Tuesday, August 18, 2015

Insurance Rant

One thing I've come to understand over the years is that the criteria used to determine insurance pricing defies logic. I started shopping around recently due a larger than expected increase in our car insurance. (I was told it was due simply to, "the cost of doing business in Virginia.") Because of the multi-policy discount involved I've had to shop for a new homeowners policy as well. Therein lies the problem.

Back in March 2011 at our old house we'd had a wastewater pipe come apart at a joint underneath the house dumping wastewater and sewage in the crawlspace. We filed an insurance claim to get the mess cleaned up. It was confined to the vapor barrier so that was replaced along with removal of the water and waste and spraying an anti-microbial solution to kill any bacteria. The total payout after my deductible was a little over $1,200. Despite there being no actual water damage (or even touching any of the wood underneath the house) the claim was classified as such. Turns out this is the crappy gift of underpants and socks that keeps on giving year after year.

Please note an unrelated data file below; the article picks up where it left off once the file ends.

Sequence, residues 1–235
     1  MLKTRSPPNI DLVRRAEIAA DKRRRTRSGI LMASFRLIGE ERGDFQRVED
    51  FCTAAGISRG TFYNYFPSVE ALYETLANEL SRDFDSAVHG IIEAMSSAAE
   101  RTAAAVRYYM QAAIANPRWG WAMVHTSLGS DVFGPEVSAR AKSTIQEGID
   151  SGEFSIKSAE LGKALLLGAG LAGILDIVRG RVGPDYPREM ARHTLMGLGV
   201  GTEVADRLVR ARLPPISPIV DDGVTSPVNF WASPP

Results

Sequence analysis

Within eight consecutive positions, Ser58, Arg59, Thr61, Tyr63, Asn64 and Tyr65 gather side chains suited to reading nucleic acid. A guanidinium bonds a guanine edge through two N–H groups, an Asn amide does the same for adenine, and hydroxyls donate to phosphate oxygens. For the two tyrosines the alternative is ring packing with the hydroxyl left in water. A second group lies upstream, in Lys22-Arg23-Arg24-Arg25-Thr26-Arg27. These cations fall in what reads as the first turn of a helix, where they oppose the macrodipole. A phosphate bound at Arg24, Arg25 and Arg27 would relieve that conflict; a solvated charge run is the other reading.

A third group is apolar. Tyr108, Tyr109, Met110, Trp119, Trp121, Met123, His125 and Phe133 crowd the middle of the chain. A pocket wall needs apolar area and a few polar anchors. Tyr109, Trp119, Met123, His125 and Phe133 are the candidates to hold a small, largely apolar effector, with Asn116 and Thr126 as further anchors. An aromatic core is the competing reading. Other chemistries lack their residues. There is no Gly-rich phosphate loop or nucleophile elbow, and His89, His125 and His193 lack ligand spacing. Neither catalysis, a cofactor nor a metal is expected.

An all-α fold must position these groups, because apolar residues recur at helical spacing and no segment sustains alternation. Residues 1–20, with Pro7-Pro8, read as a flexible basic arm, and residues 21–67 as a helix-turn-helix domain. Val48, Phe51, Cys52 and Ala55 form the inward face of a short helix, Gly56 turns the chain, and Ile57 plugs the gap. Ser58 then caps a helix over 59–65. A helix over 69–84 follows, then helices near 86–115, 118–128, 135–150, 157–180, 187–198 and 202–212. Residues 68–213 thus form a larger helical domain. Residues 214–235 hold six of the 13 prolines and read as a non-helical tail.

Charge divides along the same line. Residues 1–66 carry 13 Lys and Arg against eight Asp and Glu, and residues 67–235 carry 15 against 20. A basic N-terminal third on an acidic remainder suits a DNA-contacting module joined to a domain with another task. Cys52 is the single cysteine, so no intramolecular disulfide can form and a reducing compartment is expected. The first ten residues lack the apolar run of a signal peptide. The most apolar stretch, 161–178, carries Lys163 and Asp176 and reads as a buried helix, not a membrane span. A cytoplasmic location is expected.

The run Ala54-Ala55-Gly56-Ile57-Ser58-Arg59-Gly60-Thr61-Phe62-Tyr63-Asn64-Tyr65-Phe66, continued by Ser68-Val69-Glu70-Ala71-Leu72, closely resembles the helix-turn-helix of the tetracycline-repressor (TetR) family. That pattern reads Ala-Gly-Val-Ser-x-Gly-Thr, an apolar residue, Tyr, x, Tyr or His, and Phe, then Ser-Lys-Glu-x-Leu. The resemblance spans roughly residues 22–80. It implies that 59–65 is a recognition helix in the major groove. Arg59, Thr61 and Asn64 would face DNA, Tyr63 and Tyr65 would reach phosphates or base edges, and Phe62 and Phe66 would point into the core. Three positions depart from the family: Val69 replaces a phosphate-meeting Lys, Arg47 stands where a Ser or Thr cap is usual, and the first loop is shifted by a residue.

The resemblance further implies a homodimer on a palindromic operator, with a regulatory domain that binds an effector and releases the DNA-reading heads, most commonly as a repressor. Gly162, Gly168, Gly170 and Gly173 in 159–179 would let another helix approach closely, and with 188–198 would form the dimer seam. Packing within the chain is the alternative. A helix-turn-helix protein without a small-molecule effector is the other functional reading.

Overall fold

A couple times between then and selling that house I tried shopping around to get a better rate on my homeowners insurance. In Virginia however (and Rhode Island apparently) most insurance companies refuse to write policies if there's been a water damage claim in the previous five years. This I thought was stupid enough given that there was no actual water damage but I accepted it and moved on.

Fast forward to this week as I start looking for new insurance. Several times I've asked for quotes from companies only to be told they won't a policy due to the aforementioned claim in the previous five years. This makes absolutely no sense to me with it being a completely different house. It'd almost make more sense if it affected the new owners of the old house instead.

As it is it looks like I'll be switching our car insurance and then come next March once the five years is up move the homeowners policy. Even with the loss of the multi-policy discount it's still cheaper. Unless I can reach someone within the company I plan to go with that is willing or able to apply a little more logic to it and write the policy before then.

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